Jaelynn Willey, The Maryland School Shooting Victim, Has Died After Being Taken Off Life Support
On Thursday, the parents of the victim of this week's school shooting in Maryland said that they were taking their daughter, Jaelynn Willey, off life support. On Friday, the local sheriff's office confirmed that Willey had died. The 16-year-old had been in critical condition since she was shot in the head on Tuesday.
Saying that their daughter had "no life left in her," her parents explained that they would have to terminate her support that evening. The St. Mary's County Sheriff's Office later announced that she had died, surrounded by family, at 11:34 p.m. ET.
"On Tuesday of this past week, our lives changed completely and totally forever," Melissa Willey, Jaelynn's mother, told the press on Thursday. "My daughter was hurt by a boy who shot her in the head and took everything from our lives."
"As of now, Jaelynn is still on life support," her mother continued, "but she will not make it. We will be taking her off life support this evening. She is brain-dead and has nothing left. No life left in her. I felt like, as her mom, that I needed to make that statement to everybody. ... I felt like it was our place — my and my husband's — to make that statement."
Jaelynn was shot in the hallway of Great Mills High School just before 8 a.m. on Tuesday morning, when classes were about to start. The shooter was a student who had been in "a prior relationship that recently ended" with Jaelynn, according to the St. Mary's County Sheriff's Office. Using a semiautomatic handgun, he shot Jaelynn in the head and 14-year-old Desmond Barnes in the thigh. A school resource officer quickly confronted the shooter and shot him dead.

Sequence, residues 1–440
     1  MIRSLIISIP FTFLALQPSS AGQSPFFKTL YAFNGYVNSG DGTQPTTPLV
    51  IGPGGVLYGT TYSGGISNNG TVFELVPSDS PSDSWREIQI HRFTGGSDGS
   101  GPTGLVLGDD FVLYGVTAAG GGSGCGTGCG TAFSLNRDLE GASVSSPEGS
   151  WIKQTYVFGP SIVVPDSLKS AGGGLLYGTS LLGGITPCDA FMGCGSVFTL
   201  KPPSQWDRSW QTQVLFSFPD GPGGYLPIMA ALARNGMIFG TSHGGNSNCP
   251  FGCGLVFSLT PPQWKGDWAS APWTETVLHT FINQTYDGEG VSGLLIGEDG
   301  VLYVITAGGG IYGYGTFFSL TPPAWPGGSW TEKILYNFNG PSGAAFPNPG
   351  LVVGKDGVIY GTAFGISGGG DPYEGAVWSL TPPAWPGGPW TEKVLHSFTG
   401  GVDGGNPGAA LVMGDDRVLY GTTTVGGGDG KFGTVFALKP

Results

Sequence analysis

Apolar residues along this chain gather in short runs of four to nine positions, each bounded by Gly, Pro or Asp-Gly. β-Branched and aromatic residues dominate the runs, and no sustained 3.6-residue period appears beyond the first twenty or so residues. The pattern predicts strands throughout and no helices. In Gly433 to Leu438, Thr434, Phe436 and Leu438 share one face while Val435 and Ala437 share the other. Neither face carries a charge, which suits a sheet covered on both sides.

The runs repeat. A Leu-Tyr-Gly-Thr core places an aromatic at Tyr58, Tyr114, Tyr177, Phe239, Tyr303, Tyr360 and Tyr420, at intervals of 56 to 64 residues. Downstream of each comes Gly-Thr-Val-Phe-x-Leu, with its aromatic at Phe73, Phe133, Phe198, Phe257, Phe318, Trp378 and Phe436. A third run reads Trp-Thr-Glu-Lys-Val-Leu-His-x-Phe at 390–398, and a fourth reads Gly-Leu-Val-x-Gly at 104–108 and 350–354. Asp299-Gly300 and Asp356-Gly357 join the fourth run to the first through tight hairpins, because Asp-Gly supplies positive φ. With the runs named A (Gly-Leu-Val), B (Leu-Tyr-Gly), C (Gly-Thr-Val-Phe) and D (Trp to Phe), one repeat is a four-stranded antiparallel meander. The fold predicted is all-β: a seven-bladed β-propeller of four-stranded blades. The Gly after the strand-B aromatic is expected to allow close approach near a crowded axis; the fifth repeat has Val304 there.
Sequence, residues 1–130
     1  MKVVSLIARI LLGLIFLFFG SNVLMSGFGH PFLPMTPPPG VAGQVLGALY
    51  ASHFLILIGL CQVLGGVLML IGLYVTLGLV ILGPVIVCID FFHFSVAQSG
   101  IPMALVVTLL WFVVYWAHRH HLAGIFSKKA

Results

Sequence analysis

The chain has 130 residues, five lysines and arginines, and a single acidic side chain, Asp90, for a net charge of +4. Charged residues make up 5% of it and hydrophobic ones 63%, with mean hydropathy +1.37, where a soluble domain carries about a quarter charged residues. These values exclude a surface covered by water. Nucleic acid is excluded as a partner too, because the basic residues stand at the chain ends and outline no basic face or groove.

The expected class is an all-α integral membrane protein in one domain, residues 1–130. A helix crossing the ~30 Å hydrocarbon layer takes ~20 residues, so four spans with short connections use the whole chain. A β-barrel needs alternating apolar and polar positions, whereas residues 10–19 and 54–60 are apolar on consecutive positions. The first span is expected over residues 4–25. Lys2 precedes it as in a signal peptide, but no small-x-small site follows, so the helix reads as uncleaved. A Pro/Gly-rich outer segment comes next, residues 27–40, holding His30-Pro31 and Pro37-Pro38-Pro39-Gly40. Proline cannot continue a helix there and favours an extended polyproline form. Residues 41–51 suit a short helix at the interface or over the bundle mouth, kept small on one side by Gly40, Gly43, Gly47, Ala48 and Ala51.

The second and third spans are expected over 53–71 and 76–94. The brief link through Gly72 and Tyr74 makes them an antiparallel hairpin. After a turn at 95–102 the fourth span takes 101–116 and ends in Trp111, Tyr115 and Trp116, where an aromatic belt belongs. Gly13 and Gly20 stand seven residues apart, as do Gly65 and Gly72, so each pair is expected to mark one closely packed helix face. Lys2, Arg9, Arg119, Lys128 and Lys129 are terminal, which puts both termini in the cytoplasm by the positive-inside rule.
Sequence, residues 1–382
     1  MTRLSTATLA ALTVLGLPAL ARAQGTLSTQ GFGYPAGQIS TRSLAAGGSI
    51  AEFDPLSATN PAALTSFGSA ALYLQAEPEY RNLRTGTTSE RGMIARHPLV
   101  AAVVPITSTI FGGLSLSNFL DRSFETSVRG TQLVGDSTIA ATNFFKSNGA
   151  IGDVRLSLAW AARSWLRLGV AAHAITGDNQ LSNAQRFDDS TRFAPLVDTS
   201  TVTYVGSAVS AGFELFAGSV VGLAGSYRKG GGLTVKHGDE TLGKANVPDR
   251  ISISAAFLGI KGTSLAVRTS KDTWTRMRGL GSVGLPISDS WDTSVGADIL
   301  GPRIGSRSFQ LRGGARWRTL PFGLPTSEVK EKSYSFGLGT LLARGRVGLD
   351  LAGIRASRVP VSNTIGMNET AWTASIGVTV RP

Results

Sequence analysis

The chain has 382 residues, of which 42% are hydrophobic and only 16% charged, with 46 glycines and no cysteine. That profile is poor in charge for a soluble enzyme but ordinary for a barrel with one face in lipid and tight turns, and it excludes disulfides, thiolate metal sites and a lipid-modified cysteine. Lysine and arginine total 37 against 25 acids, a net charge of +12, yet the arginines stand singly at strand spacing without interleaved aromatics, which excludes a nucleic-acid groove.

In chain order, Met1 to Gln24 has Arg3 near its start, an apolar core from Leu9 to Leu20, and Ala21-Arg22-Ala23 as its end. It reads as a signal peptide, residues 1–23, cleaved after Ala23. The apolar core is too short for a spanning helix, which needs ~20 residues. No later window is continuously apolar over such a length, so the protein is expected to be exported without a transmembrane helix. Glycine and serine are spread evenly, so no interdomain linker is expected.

Desmond's injuries were not serious, and he was discharged from the hospital Wednesday. Jaelynn, however, was taken to the hospital in critical condition and remained there until her parents took her off life support on Thursday.
Late on Wednesday, as Winter Storm Toby was still hitting the Northeast, an update on Jaelynn's condition was posted on a crowdfunding page for her medical expenses. "Jaelynn loves the snow," a wrote Lucinda Irvine Avis, a family friend of the Willey's who created the page. "I wish that she had been home today to sled with her little siblings. Instead it's been 36 hours of being in critical condition after she was shot at her high school, a place that should be safe."
Jaelynn was the second-oldest of nine children in the family. She spent much of her time looking after her younger siblings and swimming on the Great Mills High School swim team. Her family describes her as a extraordinarily kind and caring girl.
Timothy Cormier, Jaelynn's uncle, told CNN that his niece was as "an amazing young lady, whose peaceful presence and love of her fellow students and family is known throughout her Maryland-based school." He added, "It is hard for us not to see her shining, smiling face right now, and to see her light up the room with her presence."
Jaelynn's death comes a week after 1 million students walked out of schools around the country to demand gun reform and days before hundreds of March for Our Lives rallies are set to take place nationally on Saturday. These demonstrations were initiated by students from Marjory Stoneman Douglas High School, the school in Parkland, Florida, where a gunman killed 17 people last month.
"Not one more," reads the march's mission statement, published before Jaelynn's death. "We cannot allow one more child to be shot at school."
The crowdfunding page for the Willey family's medical expenses had raised over 75 percent of its $100,000 goal as of Friday morning. You can donate to the fund here.